I was fortunate to give a presentation at the summit. Over the last year I have worked closely with the Antiquities Coalition, which, along with the Middle East Institute, sponsored and organized this conference. In the months leading up to the summit meeting, I wrote a couple of essays focused on the opportunities of building a multinational digital library that would hold high-resolution images of the various countries’ cultural artifacts as well as detailed metadata. The essays were framed by two UNESCO conventions, written and adopted in 1970 and 1995 (the Unidroit Convention). These conventions call for inventories, catalogs, and other methods of record keeping to locate cultural objects and confirm their ownership and legal status. The inventories are to be shared internationally and consulted at the point of transfer or sale of an item of cultural or historical significance. The UNESCO conventions were developed before the florescence of digital technology, and challenges to the system of safeguards articulated by the conventions are numerous: paper based inventories are fragile; they are prone to loss if not backed up by many copies, making the updating of the multiple documents cumbersome; they are subject to forgery and “antiquities laundering.” Inventories that are kept at a central location are difficult to share across borders and difficult to compare and analyze with information in other regionally located inventories.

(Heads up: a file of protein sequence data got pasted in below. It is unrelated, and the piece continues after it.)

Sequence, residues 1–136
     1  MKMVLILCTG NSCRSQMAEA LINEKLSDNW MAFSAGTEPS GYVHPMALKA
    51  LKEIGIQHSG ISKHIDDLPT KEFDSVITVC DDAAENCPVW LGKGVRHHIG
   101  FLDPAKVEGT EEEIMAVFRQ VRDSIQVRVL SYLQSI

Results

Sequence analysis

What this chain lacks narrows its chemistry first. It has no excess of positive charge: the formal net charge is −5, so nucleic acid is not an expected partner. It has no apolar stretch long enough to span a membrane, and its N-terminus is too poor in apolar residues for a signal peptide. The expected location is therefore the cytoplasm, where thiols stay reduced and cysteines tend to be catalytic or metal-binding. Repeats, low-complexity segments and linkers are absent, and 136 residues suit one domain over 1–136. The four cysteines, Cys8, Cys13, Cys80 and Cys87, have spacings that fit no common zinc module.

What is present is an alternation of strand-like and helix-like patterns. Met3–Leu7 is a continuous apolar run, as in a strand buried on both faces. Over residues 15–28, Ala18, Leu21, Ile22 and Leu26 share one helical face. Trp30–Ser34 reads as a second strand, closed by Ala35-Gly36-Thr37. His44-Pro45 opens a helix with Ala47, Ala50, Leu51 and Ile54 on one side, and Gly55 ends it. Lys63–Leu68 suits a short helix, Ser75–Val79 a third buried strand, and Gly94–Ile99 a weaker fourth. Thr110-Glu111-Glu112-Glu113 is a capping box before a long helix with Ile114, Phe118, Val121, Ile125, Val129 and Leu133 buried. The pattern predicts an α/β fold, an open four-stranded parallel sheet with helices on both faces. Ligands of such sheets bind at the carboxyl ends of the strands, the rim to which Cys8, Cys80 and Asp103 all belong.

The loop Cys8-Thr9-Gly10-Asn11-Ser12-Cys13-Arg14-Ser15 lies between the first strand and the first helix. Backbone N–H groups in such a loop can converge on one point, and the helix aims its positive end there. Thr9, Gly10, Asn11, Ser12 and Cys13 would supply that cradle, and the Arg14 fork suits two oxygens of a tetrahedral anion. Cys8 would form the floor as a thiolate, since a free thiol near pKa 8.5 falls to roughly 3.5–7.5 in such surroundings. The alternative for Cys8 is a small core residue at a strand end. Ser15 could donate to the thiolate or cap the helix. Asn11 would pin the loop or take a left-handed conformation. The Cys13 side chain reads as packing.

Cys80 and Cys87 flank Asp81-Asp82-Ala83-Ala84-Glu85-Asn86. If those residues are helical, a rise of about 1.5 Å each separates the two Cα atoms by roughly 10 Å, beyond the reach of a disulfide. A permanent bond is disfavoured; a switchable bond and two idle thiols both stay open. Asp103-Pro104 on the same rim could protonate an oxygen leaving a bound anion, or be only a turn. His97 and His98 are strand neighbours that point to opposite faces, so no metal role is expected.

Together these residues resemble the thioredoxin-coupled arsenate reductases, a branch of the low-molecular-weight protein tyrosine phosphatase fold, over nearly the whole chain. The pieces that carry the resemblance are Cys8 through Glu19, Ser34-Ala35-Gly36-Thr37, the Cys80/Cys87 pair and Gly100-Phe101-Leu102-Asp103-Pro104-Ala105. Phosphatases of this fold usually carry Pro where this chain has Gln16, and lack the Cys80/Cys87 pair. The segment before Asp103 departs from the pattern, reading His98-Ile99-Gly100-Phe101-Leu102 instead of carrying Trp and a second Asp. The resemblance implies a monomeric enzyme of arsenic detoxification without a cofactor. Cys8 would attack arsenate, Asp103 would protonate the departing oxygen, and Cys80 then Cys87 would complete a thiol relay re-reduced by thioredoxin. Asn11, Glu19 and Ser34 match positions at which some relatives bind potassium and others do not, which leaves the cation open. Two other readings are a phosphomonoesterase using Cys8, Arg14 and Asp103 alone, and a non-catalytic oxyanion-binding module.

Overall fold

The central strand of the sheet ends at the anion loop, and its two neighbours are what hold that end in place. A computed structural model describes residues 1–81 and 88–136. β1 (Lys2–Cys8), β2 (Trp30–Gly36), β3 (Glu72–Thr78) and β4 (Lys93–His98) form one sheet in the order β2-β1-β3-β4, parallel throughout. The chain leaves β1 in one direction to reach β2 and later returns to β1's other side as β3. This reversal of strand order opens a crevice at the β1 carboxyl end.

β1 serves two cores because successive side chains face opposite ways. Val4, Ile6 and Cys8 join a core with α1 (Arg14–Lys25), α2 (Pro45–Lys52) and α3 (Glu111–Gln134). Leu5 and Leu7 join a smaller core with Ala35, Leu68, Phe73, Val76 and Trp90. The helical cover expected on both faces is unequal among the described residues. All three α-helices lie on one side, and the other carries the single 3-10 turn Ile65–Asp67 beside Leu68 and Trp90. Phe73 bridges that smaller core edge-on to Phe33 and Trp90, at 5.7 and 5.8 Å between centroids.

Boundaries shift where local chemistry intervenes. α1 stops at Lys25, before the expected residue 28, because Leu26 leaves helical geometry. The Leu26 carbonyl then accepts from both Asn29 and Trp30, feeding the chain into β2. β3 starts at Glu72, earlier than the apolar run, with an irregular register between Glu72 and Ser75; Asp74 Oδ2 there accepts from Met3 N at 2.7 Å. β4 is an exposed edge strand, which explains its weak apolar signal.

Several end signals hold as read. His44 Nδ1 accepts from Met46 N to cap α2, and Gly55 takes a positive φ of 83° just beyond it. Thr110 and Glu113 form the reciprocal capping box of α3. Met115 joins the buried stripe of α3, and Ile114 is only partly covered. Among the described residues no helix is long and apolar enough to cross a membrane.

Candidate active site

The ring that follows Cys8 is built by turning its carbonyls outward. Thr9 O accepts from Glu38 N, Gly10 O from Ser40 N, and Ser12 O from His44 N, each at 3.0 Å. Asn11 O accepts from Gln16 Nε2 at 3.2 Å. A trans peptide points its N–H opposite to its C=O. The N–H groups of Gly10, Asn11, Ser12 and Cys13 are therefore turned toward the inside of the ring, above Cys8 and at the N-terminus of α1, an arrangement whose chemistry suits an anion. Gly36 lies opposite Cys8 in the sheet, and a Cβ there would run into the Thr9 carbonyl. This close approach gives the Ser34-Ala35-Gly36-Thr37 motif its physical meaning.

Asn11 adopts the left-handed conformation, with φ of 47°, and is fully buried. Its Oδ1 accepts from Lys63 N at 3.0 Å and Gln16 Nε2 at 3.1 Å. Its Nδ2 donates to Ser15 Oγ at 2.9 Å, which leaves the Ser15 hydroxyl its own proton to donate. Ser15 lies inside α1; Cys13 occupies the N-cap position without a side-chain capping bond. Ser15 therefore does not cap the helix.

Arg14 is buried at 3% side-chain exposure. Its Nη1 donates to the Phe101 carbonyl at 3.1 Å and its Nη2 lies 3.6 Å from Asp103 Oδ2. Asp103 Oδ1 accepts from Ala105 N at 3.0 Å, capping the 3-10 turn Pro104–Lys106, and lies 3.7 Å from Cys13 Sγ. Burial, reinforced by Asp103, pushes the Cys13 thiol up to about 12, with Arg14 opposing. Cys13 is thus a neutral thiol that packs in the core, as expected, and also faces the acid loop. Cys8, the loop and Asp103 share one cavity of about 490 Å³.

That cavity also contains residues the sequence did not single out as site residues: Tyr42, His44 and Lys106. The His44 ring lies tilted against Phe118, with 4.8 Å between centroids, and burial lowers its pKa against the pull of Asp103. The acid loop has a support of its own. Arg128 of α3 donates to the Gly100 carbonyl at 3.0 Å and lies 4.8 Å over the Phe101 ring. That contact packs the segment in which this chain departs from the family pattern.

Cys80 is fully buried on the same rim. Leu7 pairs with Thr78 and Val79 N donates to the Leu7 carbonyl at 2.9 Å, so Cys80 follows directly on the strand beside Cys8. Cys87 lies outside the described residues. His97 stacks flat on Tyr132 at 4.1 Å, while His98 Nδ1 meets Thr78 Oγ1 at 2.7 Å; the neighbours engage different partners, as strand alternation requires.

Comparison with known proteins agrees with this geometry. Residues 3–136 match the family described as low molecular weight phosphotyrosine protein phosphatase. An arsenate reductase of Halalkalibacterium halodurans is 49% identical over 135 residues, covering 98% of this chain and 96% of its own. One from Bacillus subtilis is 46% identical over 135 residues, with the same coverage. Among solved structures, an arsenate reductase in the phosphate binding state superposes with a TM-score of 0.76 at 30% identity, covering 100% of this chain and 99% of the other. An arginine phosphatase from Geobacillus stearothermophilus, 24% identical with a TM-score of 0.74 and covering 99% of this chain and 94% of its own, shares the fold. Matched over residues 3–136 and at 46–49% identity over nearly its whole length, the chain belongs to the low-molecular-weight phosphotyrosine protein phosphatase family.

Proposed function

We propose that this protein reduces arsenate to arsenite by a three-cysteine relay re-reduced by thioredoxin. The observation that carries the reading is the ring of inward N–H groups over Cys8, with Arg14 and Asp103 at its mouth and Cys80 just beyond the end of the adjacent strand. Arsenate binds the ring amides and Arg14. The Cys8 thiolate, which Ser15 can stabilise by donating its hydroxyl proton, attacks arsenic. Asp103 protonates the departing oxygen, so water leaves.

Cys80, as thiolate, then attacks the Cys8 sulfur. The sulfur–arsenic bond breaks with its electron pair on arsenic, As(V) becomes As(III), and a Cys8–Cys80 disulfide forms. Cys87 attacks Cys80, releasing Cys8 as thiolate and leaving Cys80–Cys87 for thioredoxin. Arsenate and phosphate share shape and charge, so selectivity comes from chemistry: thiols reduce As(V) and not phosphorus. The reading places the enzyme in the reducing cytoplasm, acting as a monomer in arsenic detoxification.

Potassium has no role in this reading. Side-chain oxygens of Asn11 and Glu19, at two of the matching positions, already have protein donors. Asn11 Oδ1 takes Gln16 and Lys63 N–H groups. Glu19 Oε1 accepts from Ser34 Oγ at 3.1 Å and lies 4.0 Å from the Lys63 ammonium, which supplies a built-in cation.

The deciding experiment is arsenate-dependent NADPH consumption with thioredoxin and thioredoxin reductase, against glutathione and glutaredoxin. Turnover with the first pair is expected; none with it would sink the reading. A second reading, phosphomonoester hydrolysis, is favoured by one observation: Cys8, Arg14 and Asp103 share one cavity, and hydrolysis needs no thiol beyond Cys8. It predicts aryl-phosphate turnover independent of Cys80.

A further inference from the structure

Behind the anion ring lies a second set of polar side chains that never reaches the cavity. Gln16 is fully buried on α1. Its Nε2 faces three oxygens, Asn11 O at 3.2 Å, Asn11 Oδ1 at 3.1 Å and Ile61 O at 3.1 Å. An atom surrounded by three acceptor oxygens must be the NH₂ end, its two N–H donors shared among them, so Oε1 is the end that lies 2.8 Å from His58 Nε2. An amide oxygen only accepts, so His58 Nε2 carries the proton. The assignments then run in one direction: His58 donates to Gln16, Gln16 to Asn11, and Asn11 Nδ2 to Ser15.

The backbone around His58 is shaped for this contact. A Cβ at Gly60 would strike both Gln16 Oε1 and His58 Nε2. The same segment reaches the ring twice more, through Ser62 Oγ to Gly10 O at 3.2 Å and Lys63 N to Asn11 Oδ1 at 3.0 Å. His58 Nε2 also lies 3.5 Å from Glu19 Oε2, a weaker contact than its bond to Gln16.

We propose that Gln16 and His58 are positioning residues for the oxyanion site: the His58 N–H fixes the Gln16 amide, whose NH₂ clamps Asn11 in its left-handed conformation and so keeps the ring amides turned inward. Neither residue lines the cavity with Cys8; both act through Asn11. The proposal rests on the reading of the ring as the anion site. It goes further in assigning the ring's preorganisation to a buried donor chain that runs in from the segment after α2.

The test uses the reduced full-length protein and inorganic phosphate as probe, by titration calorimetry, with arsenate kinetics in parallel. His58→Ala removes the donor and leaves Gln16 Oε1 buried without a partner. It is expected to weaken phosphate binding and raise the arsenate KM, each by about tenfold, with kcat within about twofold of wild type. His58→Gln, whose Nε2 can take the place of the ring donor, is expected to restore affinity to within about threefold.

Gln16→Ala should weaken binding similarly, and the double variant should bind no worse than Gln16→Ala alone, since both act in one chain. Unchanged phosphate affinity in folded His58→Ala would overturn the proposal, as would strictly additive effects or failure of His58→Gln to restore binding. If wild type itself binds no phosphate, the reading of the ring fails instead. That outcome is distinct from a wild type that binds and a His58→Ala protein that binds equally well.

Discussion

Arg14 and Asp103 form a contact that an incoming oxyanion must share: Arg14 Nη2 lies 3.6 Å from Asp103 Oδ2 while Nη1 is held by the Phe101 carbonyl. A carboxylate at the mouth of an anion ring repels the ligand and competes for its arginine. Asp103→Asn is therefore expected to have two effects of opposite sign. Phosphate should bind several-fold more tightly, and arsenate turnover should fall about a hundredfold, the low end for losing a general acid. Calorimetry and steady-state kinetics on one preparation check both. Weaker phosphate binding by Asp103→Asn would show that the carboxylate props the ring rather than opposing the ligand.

My presentation, based on these essays, called for updating the UNESCO conventions into the digital era, specifically creating digital libraries that would serve as sophisticated inventories, easily searched and available on mobile devices like those used at border crossings and customs. Noting that the advanced technology used by ISIS and other marauding militias is adept at instigating divisive responses and producing an alienating outrage, the prospect of a regional, coordinated digital library that would employ technology to unite us would be a compelling counter to the technologies used to rend us. A digital library could electronically weave together many cultures over thousands of years, making those objects more readily identifiable, easier to track, and help to impede looting and the illicit selling of the Middle East’s cultural memory.